Police in the Wisconsin town of Neenah have reassured residents that military trucks obtained from the U.S. Army now being deployed for domestic law enforcement duties won’t be used to fire on the locals.
Paul Joseph Watson
May 20, 2014
The fact that authorities even need to make such a statement underscores increasing concern over the militarization of domestic policing as police departments across the country obtain vehicles and equipment once used to occupy Afghanistan and Iraq under the Department of Defense’s excess property program.
The Neenah Police Department recently acquired a mine-resistant Caiman multi-terrain vehicle, while the Outagamie County Sheriff’s Department and Appleton police are already using the same model of vehicle.
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According to the Associated Press, “Police are working to dispel negative public perception of the military look of the 37,000-pound rig,” by claiming its use is necessary to protect cops against high powered gunfire during violent confrontations. Neenah Police Chief Kevin Wilkinson admitted that the truck would “increase operational and maintenance costs for the area’s taxpayers.”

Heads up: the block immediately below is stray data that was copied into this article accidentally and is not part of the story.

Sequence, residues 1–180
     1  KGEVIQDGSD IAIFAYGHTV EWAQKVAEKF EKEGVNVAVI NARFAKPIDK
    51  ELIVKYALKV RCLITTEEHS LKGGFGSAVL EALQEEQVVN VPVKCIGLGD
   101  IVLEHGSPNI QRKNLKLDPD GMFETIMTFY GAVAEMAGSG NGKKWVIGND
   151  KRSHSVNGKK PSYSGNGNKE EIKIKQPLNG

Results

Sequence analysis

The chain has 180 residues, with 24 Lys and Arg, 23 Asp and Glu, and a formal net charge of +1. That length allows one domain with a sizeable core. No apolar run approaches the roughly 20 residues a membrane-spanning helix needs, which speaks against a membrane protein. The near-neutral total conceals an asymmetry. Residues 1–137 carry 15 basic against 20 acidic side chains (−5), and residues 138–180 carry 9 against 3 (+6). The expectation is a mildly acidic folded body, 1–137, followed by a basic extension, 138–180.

Lt. Jeff Malcore, Neenah’s SWAT team leader, felt it necessary to relay the fact that the vehicle’s gun turret had been removed and that the truck wouldn’t be used to mow down the locals.
“We have no ability to shoot out of it,” Malcore said. “All it does is allow us to get from one place to another so we can deploy our people, or if there’s firing coming in, we can back up to a window or something to get people out.”
Fears that police have long since dispensed with “protect and serve” and now instead treat Americans in general as the enemy were again raised last week when Morgan County, Indiana Police Sergeant Dan Downing admitted that the militarization of domestic law enforcement was partly to deal with returning veterans who are now seen as a homegrown terror threat. A local Fox affiliate reported that the cops were now “armed for war” against such threats.
Downing also related how residents would see the police department’s Mine Resistant Vehicle (MRAP) at gas stations and ask if it was going to be used for mass gun confiscation.
During a Concord City Council meeting last year concerning the city’s purchase of a Bearcat armored vehicle, former Marine Corps Colonel Peter Martino, who was stationed in Fallujah and trained Iraqi soldiers, warned that that the Department of Homeland Security is working with law enforcement to build a “domestic army,” because the federal government is afraid of its own citizens.